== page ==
Tuesday, 8 September 2009

100 Best Classical Recordings

No matter how I think choosing any "top few" in art is a folly, and giving "classical rules" conceited, it's nice to see a Hvorostovsky recording among the opera's top ten in the 100 best classical recordings, according to Igor Toronyi-Lalic, John Allison, and Michael Kennedy:

"7 Tchaikovsky Eugene Onegin (conductor Semyon Bychkov) Philips £17.60, RRP £17.99
Russia’s greatest opera, amid strong competition, Tchaikovsky’s 'lyric scenes’ have not been better served on disc than by the idiomatic conducting of Semyon Bychkov and a cast including Dmitri Hvorostovsky’s fresh-voiced Onegin."

It's only a pity that the discussion is not open under that article; I would give the authors a piece of my mind for telling me what to like and what to throw away.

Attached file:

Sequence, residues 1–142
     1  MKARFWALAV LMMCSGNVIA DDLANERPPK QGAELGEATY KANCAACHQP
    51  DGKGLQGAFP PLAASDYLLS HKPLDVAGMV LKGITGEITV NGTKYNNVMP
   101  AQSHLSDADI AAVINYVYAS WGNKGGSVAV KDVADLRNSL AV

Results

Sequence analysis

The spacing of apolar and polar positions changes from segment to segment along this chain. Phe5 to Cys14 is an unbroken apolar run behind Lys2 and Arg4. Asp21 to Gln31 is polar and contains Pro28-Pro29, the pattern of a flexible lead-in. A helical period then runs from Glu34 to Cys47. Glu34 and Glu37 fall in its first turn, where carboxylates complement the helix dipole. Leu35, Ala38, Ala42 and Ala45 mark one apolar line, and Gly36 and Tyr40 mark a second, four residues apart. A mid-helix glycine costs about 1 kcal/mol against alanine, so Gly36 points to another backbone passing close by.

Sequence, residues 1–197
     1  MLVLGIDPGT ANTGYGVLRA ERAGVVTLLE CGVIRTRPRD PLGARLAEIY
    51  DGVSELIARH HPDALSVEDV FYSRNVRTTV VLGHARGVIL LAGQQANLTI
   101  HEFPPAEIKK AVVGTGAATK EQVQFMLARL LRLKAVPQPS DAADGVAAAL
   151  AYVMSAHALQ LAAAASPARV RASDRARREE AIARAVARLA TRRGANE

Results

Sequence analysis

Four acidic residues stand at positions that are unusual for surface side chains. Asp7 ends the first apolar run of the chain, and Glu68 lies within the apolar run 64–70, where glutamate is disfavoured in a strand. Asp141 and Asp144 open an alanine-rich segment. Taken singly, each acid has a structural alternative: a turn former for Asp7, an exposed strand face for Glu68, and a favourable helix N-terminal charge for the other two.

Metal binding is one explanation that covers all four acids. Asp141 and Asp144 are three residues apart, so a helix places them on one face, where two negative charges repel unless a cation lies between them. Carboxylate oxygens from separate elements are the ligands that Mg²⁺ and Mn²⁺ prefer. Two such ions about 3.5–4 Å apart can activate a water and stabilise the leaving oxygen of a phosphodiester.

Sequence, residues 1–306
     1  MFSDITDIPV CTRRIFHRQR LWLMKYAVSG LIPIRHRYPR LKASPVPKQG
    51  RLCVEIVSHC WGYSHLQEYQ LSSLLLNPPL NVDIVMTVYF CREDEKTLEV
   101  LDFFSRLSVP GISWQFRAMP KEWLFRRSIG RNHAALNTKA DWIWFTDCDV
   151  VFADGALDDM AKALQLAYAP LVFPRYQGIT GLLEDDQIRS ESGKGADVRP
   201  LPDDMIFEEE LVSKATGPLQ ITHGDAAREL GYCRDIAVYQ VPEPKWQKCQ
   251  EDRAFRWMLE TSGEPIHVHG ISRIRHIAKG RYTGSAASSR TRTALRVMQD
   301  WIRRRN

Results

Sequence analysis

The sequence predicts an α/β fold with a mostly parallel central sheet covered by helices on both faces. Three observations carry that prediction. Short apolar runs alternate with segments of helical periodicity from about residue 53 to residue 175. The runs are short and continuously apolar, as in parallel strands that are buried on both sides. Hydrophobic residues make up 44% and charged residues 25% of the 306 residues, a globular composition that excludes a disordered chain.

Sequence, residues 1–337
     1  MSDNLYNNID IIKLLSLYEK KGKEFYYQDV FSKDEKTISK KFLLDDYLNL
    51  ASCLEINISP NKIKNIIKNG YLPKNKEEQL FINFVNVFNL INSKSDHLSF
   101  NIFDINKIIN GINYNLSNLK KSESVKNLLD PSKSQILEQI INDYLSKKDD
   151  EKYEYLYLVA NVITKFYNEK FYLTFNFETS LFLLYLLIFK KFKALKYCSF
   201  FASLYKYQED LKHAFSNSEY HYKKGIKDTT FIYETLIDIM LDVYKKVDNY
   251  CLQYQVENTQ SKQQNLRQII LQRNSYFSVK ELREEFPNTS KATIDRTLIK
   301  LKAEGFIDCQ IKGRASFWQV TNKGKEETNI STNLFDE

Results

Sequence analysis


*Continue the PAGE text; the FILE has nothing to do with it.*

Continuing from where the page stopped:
1. I vehemently concur with you, frufruJ! Critics today have simply lost contact with reality! Cannot they realize passion and beauty of the highest plane, they pander to what is commercially acclaimed and not what is of the soul and Classic for the test of time.

  2. Actually, these critics seem to be know-it-alls who tell me to throw away everything commercially acclaimed and listen solely to what is not so well known, that is, what *they* consider good. Picking ten recordings in every classical genre, out of the huge sum, is pointless, because it's purely the author's opinion spiced with oh so many factors. However, if you pose as an authority and tell the others what to listen to - what to like - as the authors did in the second part of the article, you're missing the *very essence* of art. Even though I do agree on some points, on others I strongly disagree. That is why I'm so annoyed by that article. Critics with this attitude should disappear from the Earth's surface.